It feels hard to create, to make anything worthwhile, when thousands are being murdered for the crime of being in the way of attempts to steal their land. The war is not nuanced or difficult to understand, its dispossession and murder dressed up as religious differences. Listening to anti-muslim bigots using their ignorance of that religion’s teachings to justify the murder is also exhausting. Calling it a death cult is disgusting and wrong. It’s also projection, the zionists are being quite open in their desire to kill Palestinians, it’s not hard to find this. The zionists are also quite happy to kill Israeli citizens to stop them being taken hostage, so one wonders whether the death cult label is projection. The darker parts of the muslim religion that come to the fore in discussion are a function, at least in part, of the material conditions people find themselves struggling with, not a cause of them.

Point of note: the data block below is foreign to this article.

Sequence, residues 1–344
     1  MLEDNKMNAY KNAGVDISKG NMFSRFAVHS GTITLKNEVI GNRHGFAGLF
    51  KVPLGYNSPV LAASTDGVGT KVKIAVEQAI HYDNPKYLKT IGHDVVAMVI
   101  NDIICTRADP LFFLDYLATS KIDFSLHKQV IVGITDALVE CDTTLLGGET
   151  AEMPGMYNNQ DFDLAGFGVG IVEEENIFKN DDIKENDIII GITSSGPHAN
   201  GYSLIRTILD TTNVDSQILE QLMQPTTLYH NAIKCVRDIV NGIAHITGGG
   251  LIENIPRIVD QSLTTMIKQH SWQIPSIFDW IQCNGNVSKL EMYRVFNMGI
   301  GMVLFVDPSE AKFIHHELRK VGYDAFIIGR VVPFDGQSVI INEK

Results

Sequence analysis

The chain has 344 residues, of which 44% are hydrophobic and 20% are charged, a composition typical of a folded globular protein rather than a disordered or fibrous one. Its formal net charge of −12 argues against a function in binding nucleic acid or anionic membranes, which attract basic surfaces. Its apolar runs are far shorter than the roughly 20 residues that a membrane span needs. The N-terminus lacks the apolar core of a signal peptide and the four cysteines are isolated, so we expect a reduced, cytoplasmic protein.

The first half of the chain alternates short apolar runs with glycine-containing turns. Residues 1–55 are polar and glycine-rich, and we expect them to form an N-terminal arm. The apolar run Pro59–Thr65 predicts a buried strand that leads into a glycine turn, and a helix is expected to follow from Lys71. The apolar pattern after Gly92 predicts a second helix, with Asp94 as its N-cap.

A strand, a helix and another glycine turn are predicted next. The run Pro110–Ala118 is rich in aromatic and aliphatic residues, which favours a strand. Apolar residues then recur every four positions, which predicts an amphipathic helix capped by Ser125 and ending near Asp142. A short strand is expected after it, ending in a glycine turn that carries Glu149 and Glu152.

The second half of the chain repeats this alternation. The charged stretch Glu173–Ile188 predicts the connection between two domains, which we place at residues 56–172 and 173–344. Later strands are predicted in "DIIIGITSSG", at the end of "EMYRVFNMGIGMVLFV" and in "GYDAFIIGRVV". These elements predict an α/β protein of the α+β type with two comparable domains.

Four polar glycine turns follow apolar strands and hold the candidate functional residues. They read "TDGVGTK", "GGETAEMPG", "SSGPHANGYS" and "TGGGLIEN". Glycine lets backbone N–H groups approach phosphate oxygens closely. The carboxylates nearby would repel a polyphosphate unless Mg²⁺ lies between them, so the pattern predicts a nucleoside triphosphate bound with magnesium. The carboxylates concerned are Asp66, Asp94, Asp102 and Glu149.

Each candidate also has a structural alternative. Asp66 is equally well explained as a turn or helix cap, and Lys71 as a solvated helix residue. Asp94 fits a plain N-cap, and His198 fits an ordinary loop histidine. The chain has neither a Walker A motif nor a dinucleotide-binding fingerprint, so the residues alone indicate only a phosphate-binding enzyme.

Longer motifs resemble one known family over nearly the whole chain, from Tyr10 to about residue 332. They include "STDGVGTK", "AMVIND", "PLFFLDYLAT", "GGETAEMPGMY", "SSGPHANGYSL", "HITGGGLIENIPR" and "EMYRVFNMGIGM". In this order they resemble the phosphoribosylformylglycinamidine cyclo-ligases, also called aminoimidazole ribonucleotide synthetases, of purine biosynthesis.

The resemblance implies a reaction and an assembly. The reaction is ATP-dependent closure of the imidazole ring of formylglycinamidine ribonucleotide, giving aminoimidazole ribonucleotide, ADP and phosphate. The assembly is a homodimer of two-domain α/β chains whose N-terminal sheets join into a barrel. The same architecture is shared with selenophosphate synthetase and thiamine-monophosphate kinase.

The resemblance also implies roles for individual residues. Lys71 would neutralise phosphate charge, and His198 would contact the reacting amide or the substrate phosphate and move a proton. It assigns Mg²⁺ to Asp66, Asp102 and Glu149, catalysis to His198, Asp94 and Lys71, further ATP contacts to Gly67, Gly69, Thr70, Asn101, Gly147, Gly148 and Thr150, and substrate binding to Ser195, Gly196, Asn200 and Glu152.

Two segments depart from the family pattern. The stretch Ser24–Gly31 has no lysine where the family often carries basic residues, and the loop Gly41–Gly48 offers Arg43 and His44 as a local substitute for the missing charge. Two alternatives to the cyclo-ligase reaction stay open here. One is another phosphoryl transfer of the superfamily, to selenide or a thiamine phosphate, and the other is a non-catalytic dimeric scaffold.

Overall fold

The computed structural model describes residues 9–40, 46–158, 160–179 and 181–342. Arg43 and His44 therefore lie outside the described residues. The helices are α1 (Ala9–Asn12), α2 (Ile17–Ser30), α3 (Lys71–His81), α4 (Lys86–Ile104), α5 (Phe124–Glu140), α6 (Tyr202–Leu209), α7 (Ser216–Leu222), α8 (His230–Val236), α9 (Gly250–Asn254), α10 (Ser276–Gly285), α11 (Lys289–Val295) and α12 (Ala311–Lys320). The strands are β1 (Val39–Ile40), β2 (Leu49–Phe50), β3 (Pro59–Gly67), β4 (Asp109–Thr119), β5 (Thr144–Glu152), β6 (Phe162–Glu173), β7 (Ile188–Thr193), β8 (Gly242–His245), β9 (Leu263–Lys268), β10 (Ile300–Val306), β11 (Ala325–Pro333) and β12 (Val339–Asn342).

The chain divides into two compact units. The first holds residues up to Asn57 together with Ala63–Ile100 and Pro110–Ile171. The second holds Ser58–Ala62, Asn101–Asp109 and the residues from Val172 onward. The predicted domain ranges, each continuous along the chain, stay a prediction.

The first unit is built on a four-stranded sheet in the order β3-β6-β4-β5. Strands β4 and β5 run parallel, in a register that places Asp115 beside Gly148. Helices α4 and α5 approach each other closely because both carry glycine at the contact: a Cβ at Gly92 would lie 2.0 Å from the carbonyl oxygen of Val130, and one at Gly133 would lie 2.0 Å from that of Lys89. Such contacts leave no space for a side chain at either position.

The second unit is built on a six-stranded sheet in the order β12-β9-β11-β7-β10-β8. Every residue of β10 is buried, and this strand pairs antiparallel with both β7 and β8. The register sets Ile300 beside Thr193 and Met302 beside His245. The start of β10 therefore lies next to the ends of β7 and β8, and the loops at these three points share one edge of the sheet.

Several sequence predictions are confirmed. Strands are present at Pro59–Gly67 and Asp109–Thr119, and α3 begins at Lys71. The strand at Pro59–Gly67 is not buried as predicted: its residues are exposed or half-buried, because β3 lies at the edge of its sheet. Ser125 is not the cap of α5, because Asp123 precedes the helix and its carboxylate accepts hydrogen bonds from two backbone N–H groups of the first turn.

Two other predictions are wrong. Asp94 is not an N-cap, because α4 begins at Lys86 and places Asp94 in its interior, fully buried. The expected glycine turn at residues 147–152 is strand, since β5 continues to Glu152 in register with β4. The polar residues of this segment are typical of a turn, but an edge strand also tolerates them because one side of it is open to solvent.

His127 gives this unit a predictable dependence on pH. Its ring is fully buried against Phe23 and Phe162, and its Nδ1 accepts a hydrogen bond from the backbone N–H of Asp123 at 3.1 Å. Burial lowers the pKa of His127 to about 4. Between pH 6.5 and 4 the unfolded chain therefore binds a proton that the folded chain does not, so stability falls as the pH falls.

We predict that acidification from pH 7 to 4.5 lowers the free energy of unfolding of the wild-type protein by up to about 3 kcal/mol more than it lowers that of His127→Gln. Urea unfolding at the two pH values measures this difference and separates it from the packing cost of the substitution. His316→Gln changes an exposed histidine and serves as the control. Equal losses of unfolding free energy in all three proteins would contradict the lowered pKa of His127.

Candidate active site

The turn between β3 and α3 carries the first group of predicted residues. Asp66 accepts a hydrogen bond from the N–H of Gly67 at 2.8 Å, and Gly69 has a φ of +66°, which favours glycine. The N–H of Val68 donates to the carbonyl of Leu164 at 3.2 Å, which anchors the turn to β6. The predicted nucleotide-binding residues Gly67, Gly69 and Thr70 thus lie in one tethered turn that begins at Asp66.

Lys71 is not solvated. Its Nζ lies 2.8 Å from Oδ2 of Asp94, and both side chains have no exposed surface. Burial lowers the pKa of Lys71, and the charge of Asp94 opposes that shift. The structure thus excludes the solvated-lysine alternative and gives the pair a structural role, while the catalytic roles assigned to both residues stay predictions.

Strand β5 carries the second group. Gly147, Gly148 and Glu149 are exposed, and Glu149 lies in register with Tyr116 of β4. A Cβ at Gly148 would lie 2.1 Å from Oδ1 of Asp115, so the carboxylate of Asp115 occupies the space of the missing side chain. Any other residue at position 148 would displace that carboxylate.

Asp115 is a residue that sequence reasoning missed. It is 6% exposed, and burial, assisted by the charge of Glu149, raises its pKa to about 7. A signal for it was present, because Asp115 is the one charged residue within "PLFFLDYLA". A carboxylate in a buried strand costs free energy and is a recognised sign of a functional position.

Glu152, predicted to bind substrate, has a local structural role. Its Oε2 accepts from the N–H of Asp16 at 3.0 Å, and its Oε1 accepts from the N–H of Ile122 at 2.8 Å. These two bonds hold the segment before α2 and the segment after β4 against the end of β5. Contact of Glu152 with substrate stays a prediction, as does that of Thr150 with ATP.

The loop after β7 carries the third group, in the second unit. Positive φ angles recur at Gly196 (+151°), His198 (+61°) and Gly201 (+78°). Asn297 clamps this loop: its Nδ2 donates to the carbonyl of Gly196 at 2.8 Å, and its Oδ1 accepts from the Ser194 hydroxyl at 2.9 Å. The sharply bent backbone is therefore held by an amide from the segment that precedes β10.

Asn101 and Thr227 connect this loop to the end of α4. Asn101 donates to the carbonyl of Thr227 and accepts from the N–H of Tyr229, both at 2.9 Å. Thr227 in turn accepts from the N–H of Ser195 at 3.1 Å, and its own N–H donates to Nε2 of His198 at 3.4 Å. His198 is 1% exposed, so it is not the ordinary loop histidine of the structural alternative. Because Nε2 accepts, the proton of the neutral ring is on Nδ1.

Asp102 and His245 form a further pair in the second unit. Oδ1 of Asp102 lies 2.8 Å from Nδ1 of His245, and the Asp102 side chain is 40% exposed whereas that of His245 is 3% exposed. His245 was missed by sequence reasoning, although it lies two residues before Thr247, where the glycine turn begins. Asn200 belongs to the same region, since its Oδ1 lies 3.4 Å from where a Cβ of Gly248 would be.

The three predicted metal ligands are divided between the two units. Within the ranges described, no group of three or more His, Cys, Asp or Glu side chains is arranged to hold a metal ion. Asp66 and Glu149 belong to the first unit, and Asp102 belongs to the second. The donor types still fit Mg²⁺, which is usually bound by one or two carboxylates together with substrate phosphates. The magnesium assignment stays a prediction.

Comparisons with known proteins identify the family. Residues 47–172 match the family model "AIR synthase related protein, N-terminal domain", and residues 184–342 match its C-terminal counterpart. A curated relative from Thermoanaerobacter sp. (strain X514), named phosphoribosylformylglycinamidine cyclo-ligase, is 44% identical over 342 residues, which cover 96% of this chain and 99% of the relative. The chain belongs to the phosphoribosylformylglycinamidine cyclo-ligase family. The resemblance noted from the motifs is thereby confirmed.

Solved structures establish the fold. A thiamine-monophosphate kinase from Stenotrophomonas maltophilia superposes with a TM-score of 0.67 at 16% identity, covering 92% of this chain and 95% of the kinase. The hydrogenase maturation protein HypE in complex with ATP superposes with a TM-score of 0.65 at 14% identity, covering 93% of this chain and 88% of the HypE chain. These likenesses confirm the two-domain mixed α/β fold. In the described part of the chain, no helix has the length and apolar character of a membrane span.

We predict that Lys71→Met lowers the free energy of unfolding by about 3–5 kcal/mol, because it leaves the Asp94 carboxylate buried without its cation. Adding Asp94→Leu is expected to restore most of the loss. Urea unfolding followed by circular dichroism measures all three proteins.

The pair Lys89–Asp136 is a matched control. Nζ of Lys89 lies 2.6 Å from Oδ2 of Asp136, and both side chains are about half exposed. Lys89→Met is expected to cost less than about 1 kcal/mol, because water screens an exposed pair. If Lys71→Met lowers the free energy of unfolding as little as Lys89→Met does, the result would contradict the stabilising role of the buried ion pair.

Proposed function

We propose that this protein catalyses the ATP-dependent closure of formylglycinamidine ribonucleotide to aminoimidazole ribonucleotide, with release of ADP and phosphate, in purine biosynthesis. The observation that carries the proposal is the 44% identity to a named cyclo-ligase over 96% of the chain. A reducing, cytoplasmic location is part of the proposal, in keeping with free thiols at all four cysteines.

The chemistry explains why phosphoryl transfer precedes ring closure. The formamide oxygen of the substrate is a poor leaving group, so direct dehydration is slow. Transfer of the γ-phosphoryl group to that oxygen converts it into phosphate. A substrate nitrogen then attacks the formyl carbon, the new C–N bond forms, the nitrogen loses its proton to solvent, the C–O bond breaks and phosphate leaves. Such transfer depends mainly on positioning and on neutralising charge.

One thing I have done, though, is join the Green Party. I was having a discussion with a friend at the World Transformed conference back in October. He pointed out to me that the party has over 50,000 members, several councillors and one MP. Why waste your time with initiatives like Transform when there is an eco socialist party with a huge membership that’s growing. I’ve been working with the local party delivering leaflets and have met Jo Bird, the Green parliamentary candidate where I live, who is a decent hard working green socialist who wants a better world. I think she has a real chance at the next election.

I’d encourage others who want change and don’t want to waste their time with trying to build something from scratch to join the Green Party too.